Escherichia coli is one of the most abundant commensals in the human gut. It is reported that E. coli is associated with IBD [52]. In addition, certain E. coli strains that harbor the polyketide synthetase (pks) island are able to induce DNA damage, which in turn increases the mutation rate of infected cells and leads to tumor progression [53]. In our study, we detected a lower level of E. coli in cancer patients (6.76%) than in health controls (18.80%) and adenoma patients (22.33%). E. coli was a candidate adenoma-associated biomarker. These phenomena can partly be explained by the bacterial driver-passenger model for CRC, in which some drivers like E. coli colonize on the colonic mucosa of individuals susceptible to developing CRC, which changes the microenvironment in favor of adenoma-carcinoma processes, and then are outcompeted by passengers who are likely to flourish in the altered microenvironment [54].

Our study has certain limitations. We were unable to unravel the causal relationship between gut microbiota and CRC. Because we only collected data after diagnosis of colorectal tumor, the differences in bacterial composition could be a consequence of CRC. For example, there is always a lower pH in the tumor environment [55], and Walker et al. discovered that a tiny change in pH will cause massive fluctuations in gut microbes, including the genus Fusobacterium [56]. The genetic phenotype proved to be associated with the disease was not investigated in our study. Therefore, a better way to illustrate the roles of gut microbiota in CRC is through gut microbiota transplantation from healthy donors [57]. Due to interpersonal variations in gut microbiota, some mixed factors could not be balanced. The cancer patients in our study tended to be older than in the other 2 groups, and age has a fundamental influence on gut microbiota (e.g., older people tend to have a higher proportion of Bacteroides spp. and distinct abundance patterns of Clostridium groups) [58]. Diet, lifestyle, and genetics can also affect gut microbiome structure. Further studies controlling these factors are needed for a more comprehensive demonstration of the possible influence of intestinal microflora on CRC.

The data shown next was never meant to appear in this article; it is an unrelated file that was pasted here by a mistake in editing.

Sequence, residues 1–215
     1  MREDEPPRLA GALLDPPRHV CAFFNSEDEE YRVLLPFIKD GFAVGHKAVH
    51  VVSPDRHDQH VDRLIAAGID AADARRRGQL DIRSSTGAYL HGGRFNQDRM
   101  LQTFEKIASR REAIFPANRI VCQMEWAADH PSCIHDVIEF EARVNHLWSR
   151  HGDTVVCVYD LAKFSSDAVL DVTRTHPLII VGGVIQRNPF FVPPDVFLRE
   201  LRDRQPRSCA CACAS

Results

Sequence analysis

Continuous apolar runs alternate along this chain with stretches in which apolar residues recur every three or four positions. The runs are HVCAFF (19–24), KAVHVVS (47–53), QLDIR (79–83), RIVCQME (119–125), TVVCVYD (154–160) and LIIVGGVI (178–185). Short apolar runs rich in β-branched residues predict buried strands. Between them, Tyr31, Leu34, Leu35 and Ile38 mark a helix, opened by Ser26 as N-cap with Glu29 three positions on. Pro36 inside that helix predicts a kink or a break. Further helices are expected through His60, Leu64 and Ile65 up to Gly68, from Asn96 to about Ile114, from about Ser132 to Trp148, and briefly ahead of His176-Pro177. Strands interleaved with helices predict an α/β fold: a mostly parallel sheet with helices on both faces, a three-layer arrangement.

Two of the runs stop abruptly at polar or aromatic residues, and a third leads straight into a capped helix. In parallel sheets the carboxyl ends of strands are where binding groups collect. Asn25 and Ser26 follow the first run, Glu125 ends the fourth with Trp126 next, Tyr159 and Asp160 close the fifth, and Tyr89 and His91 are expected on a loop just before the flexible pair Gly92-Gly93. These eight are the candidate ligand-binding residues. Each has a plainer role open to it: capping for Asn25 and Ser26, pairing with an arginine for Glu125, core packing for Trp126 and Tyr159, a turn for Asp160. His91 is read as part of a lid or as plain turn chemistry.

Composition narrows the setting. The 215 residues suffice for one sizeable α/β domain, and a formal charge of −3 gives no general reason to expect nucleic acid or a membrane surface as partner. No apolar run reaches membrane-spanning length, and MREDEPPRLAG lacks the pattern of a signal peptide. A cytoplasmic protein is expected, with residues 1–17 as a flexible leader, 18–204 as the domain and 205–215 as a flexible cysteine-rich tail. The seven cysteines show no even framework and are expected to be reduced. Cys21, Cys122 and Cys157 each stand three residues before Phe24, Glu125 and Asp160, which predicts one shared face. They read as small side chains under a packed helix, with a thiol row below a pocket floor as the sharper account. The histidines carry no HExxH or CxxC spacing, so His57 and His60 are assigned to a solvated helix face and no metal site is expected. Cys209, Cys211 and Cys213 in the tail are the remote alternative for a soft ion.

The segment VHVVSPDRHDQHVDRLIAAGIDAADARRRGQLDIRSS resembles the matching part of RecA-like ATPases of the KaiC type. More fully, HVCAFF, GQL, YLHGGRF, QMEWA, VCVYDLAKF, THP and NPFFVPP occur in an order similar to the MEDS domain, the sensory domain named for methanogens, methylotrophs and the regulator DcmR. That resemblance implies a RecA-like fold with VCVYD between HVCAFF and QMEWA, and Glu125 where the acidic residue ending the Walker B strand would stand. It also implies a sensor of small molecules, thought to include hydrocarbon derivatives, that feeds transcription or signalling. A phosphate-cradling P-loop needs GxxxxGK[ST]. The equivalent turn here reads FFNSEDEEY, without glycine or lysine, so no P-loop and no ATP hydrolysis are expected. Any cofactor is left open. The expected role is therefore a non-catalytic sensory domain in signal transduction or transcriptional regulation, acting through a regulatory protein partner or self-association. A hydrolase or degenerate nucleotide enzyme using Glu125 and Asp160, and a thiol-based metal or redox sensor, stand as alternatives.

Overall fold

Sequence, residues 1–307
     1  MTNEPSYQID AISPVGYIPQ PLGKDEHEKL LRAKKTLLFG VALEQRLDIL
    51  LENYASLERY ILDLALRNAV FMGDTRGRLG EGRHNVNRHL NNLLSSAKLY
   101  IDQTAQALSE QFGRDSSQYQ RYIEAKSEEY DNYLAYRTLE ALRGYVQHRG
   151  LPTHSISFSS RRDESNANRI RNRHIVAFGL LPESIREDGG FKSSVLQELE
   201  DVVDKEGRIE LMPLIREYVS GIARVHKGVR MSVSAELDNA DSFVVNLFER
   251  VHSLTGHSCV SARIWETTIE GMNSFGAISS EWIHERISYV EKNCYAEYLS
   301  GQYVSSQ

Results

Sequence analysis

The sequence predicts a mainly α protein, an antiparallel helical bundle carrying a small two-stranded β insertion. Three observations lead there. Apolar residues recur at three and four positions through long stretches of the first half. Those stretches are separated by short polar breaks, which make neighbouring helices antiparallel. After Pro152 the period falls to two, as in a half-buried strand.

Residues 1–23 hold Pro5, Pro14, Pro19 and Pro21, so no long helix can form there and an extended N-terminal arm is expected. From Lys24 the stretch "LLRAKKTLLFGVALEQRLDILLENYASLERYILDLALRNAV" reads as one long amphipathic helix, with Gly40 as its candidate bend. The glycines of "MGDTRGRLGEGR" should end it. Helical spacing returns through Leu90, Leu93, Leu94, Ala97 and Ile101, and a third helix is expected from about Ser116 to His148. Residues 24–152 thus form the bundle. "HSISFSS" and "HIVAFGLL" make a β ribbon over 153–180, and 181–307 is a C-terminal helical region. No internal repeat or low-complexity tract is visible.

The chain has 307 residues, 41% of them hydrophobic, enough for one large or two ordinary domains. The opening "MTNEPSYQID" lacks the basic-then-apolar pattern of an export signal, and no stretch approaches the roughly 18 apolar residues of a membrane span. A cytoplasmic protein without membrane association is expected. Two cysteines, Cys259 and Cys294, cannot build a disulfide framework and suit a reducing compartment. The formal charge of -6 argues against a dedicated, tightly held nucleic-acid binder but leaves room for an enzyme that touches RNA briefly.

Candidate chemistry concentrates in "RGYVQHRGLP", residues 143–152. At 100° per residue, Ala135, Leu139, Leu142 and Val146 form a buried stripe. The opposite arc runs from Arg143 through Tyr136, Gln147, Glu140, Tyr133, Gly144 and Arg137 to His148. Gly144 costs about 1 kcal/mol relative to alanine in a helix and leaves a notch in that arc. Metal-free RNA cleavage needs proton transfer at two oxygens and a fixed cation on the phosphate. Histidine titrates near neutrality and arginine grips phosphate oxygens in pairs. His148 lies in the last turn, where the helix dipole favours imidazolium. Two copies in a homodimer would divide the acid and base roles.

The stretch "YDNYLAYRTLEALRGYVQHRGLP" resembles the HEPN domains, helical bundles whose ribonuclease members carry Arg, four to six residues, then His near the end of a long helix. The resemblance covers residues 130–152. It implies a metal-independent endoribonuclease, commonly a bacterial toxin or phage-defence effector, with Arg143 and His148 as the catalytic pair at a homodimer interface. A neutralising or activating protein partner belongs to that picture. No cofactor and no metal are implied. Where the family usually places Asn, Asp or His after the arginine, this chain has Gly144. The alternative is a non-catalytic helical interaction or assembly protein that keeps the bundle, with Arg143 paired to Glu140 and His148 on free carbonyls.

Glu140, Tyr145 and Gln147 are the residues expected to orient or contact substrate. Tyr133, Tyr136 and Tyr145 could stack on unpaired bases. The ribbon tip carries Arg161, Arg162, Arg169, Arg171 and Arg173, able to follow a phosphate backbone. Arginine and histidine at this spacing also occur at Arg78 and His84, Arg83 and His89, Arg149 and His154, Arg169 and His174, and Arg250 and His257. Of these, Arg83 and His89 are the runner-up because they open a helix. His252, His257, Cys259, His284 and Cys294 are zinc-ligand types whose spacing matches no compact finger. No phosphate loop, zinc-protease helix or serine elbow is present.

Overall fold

Conclusions

In conclusion, our study showed differences in gut microbial composition by comparing normal individuals with patients in 2 stages of CRC-adenoma and adenocarcinoma. We also identified some bacteria such as Butyricicoccus, E. coli, and Fusobacterium that can be used as potential biomarkers for normal, adenoma, and cancer groups, respectively.

Footnotes

Conflict of interest

None.

Source of support: Departmental sources